Costumes (Pei Lee), though, were oddly uneven: for example, while the Ascot costumes were a bright and inventive homage to Erte, and Mrs Higgins’ Ascot costume in particular a dazzle to the eye, the pieces chosen for main character Eliza seemed to be from another period entirely. As a flower seller, Lee chose a pair of pants with a gauzy and ghostly net skirt, making her look more like Peter Pan than any 1920s flower girl. And Eliza’s last costume, of a tight-fitting pair of pants and a belted sweater, no doubt intended to reference womens’ suffrage, instead reminded one more of Mary Tyler Moore in the 1970s. It’s a puzzlement, for on the whole, the costumes were otherwise superb, and in period for the Twenties era.
My Fair Lady
closes August 6, 2017
Details and tickets
James Fouchard’s set design was likewise uneven: while Professor Higgens’ library was a wonderful pastiche of huge shelves crammed with wax recorders, phonic letters, and Victorian gramophones, some of the set pieces, like the garden set of gigantic pink cabbage roses on an enormous trellis, seem to have been lifted off a Mardi Gras float. It was impossible not to be distracted, wondering just why those roses were made six feet in diameter. But the basic set, designed to look much like a boxing ring in anticipation of the main characters’ sparring matches, is clever and versatile. Two hexagonal platforms on rails become a street scene, ballroom seating, boxes at Ascot. And the addition of steps so that characters can descend into the orchestra pit gives the small theatre an added dimension, and makes for a nice crashing noise when Doolittle falls down them.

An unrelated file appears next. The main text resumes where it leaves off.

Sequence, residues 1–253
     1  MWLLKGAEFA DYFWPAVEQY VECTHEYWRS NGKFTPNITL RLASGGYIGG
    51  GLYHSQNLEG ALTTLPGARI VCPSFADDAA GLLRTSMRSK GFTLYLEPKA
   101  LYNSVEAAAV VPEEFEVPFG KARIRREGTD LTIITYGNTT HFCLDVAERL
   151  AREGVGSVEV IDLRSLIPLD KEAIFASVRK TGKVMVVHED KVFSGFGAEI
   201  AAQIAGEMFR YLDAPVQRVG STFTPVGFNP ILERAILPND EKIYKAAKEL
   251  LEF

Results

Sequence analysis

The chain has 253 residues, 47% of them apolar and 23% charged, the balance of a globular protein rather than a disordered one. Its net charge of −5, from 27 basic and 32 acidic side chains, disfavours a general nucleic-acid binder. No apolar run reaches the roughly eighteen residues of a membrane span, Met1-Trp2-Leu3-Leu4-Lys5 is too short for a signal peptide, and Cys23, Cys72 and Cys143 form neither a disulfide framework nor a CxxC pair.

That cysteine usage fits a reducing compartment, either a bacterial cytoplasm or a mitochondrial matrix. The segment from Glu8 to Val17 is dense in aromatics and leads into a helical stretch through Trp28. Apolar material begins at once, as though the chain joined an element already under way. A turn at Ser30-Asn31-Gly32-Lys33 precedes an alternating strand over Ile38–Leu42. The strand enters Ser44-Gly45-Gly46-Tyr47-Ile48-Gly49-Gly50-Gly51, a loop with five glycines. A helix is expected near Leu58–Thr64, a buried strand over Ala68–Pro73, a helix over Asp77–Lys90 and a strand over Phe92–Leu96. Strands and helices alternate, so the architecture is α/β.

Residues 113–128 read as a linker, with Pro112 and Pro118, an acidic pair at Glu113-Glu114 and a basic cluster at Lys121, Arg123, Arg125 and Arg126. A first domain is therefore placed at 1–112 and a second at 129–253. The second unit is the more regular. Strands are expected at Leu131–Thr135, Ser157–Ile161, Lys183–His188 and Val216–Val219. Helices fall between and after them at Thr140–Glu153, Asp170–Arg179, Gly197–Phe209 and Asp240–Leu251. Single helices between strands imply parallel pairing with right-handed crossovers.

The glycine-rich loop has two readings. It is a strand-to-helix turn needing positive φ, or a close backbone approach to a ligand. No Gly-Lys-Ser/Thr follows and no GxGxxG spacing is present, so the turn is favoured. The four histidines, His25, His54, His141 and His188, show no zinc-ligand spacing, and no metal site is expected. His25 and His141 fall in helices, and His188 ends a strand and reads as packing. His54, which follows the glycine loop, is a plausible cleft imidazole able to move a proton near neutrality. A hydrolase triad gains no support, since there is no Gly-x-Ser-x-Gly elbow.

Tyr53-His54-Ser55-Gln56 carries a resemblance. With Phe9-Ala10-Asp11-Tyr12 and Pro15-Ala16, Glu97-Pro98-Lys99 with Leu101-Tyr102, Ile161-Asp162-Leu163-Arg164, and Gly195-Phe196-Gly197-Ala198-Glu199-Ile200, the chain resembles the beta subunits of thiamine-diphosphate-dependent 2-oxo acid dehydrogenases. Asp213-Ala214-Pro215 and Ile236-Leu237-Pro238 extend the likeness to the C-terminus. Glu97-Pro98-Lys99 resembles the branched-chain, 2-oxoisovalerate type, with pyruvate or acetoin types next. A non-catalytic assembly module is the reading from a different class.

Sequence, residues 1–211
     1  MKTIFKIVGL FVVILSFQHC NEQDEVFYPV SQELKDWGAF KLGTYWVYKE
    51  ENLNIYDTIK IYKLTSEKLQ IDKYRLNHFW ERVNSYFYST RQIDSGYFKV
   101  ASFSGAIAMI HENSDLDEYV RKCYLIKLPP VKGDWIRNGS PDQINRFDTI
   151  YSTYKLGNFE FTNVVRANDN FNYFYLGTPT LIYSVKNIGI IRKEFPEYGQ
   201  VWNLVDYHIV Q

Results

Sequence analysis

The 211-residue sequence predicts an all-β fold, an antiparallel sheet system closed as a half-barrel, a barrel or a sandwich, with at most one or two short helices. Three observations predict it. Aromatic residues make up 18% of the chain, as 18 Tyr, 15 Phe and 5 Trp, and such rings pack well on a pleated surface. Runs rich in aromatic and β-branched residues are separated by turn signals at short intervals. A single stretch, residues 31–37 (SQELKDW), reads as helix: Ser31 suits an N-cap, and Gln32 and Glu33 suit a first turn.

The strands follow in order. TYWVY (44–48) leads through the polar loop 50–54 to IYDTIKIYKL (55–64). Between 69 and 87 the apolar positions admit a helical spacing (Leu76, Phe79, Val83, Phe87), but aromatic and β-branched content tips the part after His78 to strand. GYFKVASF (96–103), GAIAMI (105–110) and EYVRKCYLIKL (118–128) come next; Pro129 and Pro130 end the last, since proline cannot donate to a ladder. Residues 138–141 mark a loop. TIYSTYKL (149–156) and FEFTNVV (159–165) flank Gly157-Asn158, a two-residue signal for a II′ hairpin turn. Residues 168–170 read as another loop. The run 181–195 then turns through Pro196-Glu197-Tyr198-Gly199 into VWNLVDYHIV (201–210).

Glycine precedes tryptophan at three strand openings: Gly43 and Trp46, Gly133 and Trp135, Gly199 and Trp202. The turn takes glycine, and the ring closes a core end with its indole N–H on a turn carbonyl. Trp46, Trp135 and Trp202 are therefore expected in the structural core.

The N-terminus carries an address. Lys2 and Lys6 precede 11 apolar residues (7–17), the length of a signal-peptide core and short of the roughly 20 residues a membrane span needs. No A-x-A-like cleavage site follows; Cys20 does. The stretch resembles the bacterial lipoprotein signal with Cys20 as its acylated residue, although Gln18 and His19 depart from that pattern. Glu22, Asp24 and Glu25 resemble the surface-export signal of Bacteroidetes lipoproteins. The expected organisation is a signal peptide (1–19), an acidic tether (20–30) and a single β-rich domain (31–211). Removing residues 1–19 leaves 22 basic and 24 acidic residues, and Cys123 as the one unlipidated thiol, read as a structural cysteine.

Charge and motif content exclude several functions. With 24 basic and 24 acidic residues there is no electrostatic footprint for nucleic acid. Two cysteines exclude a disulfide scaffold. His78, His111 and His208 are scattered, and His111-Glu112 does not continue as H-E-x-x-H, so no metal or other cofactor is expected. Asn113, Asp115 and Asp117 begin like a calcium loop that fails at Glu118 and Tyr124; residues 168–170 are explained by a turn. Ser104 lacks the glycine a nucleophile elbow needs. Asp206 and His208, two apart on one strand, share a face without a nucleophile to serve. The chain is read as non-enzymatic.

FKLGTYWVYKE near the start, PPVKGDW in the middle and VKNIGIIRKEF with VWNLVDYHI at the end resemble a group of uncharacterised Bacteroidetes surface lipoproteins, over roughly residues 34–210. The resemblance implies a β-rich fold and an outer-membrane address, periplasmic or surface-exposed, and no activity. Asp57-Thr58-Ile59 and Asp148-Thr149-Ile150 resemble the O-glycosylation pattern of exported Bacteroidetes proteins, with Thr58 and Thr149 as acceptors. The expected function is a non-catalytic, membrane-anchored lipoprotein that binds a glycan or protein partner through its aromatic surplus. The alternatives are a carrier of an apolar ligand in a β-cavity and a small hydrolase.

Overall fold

The music of Lerner and Lowe is legendary for a reason: it’s good, and continues to be good 60 years after this show first appeared on Broadway. To see it performed by such a cast, with a lovely live orchestra, is, let me say it again, a treat.
I’ve left the best for last, and really a fine reason all by itself to see this show: “On The Street Where You Live”, as sung by Benjamin Lurye as Freddy Eynsford-Hill, is absolutely perfect. I mean it. Such a strong stage presence, and such a command of a beautifully written song, is something not to miss.
Go ahead. Treat yourself.
My Fair Lady . Book/Lyrics: Alan J Lerner . Music: Frederick Lowe . Director: Alan Souza . Cast: Eliza Doolittle, Brittany Campbell; Freddy Eynsford-Hill, Benjamin Lurye; Mrs. Eynsford-Hill; Ashleigh King; Colonel Pickering, Todd Scofield; Professor Henry Higgins, Danny Bernardy; George, The Bartender, Jimmy Mavrikes; Jamie, Christopher Mueller; Harry, Warren Freeman; Mrs. Hopkins, Alex Kidder; Mrs. Pearce, Valerie Leonard; Butler, Warren Freeman; Alfred P. Doolittle, Chris Genebach; Charles, The Chauffeur, Christopher Mueller; Mrs. Higgins, Valerie Leonard; Lord Boxington, Jimmy Mavrikes; Lady Boxington, Alex Kidder; Professor Zoltan Karpathy, Christopher Mueller; Mrs. Higgins’ Maid, Christina Kidd; Ensemble, Ian Anthony Coleman, Warren Freeman, Christina Kidd, Alex Kidder, Ashleigh King, Julia Klavans, Jimmy Mavrikes, Christopher Mueller . Costumes: Pei Lee . Set Design: James Fouchard . Lighting: Max Doolittle . Music Director: Christopher Yousta . Sound Designer: Matt Rowe . Choreography: Grady McLeod Bowman . Dialect coach: Zachary Campion . Stage Manager: Trevor A Riley . Produced by Olney Theatre Company . Reviewed by Jill Kyle-Keith.